The Duke and the Dauphin are both comic characters whose flamboyance and false airs provide much in the way of amusement. Yet at the same time, they're a couple of amoral grifters who'd merrily sell their own grandmothers if the money was right. Although their exploits may be amusing, we're also aware that we're dealing with a couple of serial crooks who routinely con the weak and vulnerable. This adds more than a touch of darkness to their scams.
The Wilks ladies are especially vulnerable on account of their recent loss. They want to believe, for their late father's sake, that the two men who arrive at their house really are their uncles William and Henry. When the Duke and the Dauphin are ripping off greedy suckers, then it's not quite so bad, though still morally and legally unacceptable. But when their latest marks turn out to be sweet, naive, trusting young ladies who've recently suffered a bereavement, then we can only acknowledge the dark void where their souls should be.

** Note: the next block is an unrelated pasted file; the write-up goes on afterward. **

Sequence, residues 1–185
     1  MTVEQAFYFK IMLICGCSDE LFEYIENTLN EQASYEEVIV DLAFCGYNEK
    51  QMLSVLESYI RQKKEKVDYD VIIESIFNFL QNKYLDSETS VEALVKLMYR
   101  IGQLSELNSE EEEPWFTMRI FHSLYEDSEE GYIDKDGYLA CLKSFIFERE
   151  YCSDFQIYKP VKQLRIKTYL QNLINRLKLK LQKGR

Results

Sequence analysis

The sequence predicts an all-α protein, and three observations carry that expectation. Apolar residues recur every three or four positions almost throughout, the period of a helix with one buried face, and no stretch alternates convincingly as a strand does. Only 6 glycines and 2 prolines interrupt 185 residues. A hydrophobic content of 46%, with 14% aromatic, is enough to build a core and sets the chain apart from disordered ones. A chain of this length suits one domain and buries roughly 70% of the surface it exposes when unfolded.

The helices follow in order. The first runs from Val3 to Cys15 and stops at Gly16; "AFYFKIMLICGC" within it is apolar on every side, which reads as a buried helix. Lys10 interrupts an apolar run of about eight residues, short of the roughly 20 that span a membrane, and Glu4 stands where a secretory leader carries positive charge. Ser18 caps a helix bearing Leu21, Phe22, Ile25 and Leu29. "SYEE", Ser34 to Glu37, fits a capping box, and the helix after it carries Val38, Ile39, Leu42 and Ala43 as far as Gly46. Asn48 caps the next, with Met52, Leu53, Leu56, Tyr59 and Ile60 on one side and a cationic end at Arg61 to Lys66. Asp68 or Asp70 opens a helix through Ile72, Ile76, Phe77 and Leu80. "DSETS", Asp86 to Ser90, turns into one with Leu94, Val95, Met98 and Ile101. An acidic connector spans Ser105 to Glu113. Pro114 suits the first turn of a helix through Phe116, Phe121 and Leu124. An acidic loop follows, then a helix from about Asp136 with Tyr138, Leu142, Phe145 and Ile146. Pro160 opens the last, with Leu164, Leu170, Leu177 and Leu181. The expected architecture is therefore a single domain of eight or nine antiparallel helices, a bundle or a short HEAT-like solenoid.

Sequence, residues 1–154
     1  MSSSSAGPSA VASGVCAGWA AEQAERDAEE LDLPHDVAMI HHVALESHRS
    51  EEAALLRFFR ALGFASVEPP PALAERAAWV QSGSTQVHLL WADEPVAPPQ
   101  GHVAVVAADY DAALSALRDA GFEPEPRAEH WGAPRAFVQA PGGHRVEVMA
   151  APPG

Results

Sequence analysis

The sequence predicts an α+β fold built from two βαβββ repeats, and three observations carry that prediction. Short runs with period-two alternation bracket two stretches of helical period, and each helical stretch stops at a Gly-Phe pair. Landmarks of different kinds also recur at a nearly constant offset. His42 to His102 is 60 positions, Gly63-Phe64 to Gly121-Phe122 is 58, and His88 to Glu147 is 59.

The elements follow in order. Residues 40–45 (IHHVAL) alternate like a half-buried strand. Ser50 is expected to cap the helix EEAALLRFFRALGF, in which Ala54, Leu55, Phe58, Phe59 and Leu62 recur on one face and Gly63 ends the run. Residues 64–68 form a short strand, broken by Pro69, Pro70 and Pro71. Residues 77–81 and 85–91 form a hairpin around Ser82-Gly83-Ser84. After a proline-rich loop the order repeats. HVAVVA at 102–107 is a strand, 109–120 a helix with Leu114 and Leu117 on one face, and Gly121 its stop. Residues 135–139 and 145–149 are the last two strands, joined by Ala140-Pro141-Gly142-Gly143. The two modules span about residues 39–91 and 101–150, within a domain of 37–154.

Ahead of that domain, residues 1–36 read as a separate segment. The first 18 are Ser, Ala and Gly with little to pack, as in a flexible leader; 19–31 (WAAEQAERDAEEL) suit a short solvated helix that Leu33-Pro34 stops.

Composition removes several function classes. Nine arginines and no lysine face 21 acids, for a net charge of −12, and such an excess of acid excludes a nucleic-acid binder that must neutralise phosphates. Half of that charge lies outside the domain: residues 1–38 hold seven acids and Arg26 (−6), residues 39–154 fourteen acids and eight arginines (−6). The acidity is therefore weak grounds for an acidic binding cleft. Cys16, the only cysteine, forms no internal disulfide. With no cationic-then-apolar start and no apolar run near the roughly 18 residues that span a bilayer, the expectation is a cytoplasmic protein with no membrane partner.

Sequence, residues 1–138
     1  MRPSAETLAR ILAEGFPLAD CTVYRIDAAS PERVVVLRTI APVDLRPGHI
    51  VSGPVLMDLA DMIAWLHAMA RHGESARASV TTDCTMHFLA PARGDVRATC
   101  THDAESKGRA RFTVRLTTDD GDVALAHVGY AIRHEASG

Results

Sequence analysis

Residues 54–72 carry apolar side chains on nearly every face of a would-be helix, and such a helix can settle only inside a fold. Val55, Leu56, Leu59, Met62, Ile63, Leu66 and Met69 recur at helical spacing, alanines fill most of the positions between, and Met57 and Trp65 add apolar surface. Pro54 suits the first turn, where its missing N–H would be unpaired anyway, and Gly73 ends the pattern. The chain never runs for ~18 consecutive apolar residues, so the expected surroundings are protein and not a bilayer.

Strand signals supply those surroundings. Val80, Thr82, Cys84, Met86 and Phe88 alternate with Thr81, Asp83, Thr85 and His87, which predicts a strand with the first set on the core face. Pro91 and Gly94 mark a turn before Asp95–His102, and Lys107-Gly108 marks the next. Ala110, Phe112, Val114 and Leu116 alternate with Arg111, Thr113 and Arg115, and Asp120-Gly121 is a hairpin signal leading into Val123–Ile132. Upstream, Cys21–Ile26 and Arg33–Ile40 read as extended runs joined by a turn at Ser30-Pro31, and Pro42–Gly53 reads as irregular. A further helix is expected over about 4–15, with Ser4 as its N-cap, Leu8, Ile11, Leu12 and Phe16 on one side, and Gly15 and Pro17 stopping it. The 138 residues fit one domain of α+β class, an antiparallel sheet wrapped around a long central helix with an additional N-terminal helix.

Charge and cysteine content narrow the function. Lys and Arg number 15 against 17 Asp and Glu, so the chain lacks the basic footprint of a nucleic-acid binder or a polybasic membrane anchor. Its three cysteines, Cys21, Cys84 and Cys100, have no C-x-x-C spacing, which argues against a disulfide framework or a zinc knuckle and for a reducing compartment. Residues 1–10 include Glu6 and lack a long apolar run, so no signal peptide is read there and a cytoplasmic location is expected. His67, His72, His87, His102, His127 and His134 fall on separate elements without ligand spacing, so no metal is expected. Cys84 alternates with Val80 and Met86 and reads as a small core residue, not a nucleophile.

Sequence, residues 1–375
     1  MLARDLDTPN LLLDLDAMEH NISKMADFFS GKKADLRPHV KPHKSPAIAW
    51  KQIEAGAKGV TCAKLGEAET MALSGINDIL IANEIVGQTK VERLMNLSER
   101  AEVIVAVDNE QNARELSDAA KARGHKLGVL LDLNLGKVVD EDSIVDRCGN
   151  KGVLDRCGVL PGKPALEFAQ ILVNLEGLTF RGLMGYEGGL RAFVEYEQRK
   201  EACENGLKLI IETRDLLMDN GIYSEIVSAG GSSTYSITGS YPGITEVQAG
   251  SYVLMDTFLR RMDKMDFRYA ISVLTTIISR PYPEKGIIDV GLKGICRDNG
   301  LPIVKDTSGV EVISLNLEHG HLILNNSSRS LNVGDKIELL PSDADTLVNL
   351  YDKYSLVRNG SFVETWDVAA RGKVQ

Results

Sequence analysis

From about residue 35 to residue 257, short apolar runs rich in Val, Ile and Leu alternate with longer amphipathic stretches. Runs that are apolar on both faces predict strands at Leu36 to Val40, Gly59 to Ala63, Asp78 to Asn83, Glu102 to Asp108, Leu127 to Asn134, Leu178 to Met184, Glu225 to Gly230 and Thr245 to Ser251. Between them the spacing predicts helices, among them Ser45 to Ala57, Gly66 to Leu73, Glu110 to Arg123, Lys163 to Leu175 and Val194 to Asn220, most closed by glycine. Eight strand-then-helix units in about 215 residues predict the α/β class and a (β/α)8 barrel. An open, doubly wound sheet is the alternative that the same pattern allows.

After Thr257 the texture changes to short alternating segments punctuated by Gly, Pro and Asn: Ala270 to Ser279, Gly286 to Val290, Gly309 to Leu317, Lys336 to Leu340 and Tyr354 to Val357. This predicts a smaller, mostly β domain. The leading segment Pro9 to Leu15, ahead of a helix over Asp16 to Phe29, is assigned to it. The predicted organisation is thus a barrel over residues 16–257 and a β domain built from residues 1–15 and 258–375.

Nevertheless, considerable amusement is still to be found in the Wilks episode. Huck gets trapped in a lie, pretending that he attends the same church as the King of England. But as Joanna points out, the king lives in London, whereas Huck claims to live in Sheffield, a city in northern England 142 miles away from the capital. Huck pretends to choke on a chicken bone to give him time to think of a way out of his predicament. But he just keeps on digging himself deeper into trouble, saying that the king regularly stays in Sheffield during the summer to bathe in the sea. Sheffield, however, is landlocked, quite some distance from the coast.